Perhaps if Larry the Lynx, Jack the Rabbit, Grizwald the Bear and the other animals depicted on the tails of Frontier Airlines’ planes could really speak, they might be asking where their next meal will come from.
Indianapolis-based Republic Airways Holdings Inc. acquired Frontier Airlines of Denver and Midwest Airlines of Oak Creek in 2009. In doing so, the company entered into two of the most competitive airports in the country.
The competition has only grown more intense.
Southwest Airlines is making power plays in the Denver and Milwaukee markets, which serve as Frontier’s hubs.
In April, Southwest surpassed Frontier’s market share in Denver, where United Airlines continues as the dominant player. According to the Denver Post, the Denver International Airport is preparing for the possible departure of one of the facility’s hubbed airlines.
In Milwaukee, Republic is in a price war with Southwest, which acquired AirTran Holdings Inc., the parent company of AirTran Airways. Southwest is gradually folding AirTran into the Southwest brand.
Facing rising fuel costs and intensified competition, Republic is suffering.
In May, Republic reported a fiscal first quarter net loss of $22.4 million, or 46 cents per share.
Meanwhile, Republic’s stock hit a new 52-week low of $4.21 in June, below its previous 52-week high of $9.58.
Republic’s ill-fated decision to invest in fuel-guzzling E170 and E190 jets has left it at a competitive disadvantage with AirTran in Milwaukee.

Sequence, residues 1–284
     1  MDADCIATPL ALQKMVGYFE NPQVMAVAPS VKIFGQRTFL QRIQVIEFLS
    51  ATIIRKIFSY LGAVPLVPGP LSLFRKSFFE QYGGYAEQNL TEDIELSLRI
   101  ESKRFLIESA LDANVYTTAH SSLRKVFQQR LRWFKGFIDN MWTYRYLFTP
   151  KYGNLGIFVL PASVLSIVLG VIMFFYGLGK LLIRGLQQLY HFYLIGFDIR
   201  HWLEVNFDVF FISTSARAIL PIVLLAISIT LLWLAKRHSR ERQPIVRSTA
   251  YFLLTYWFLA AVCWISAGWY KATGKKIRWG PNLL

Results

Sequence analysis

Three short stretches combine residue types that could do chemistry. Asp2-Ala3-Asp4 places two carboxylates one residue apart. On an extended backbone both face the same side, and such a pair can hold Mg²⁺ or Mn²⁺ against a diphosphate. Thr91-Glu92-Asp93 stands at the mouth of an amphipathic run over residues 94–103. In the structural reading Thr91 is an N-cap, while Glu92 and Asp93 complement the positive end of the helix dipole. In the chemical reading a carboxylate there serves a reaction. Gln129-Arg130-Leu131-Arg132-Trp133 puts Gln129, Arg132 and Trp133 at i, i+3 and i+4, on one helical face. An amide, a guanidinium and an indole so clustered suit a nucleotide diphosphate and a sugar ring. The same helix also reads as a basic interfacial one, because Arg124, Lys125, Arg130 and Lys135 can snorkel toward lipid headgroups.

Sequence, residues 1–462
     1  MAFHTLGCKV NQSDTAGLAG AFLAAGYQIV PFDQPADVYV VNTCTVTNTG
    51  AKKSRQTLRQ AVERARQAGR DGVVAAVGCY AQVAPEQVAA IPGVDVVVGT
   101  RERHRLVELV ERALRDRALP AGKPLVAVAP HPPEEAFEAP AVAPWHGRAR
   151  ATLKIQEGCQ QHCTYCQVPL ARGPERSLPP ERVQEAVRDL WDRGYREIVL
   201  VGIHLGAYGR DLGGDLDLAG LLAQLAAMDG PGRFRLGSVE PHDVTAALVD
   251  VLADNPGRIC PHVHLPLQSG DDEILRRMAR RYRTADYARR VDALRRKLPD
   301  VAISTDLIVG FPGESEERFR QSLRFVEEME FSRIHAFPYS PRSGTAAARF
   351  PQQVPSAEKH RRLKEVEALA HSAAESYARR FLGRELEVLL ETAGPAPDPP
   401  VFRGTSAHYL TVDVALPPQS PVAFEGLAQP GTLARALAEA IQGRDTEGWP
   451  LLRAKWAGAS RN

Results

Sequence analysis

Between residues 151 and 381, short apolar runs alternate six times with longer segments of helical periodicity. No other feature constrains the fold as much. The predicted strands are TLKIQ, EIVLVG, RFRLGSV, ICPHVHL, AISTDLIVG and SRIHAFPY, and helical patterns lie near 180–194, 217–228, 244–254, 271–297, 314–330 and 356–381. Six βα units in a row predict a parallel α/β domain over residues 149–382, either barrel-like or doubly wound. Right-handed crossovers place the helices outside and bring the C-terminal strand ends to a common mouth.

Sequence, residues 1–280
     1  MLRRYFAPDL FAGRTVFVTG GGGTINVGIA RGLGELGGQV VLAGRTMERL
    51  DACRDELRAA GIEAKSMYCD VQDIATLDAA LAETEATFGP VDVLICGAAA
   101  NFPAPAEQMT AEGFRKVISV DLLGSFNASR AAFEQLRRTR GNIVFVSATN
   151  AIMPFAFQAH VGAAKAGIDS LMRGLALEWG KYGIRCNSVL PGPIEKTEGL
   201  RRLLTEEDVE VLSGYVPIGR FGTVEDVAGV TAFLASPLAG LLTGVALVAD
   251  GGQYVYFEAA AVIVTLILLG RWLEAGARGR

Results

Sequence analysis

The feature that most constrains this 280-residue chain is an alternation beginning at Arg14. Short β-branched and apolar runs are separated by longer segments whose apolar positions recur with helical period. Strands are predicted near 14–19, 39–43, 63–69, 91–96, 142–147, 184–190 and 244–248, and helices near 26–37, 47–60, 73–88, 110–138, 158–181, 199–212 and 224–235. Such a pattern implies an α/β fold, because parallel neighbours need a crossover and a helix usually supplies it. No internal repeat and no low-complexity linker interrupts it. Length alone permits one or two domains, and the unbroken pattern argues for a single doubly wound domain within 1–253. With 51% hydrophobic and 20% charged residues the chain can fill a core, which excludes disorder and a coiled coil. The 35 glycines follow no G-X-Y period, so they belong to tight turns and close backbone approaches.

Desperate for cost reductions, the company sought for and received concessions from Frontier Airlines pilots, who voted 498-58 to delay pay increases and accept cuts in vacation, sick days and company 401(k) contributions in exchange for an unspecified equity stake in Frontier.
The union’s approval clears the way for Republic to seek concessions from other Frontier employees and vendors and to raise $70 million in new capital. Republic plans “to attract equity investment(s) in Frontier that would reduce the company’s ownership of Frontier to a minority interest by December 31, 2014,” according to a filing with the U.S. Securities & Exchange Commission (SEC).
“Our investors are very frustrated,” Republic chief executive officer Bryan Bedford acknowledged at the June 2 Republic annual shareholders meeting.
“As you recall, our disappointing first quarter results and the continued impact of high fuel costs mean we have to make some fundamental changes in how we do business,” Bedford stated in a June 10 letter to employees.
As a show of good faith, Bedford also announced he is reducing his own pay by 20 percent and will forego any bonuses until all employee groups receive bonus payments.
Thus, the final chapter of the legacy of Oak Creek’s former Midwest Airlines has yet to be written.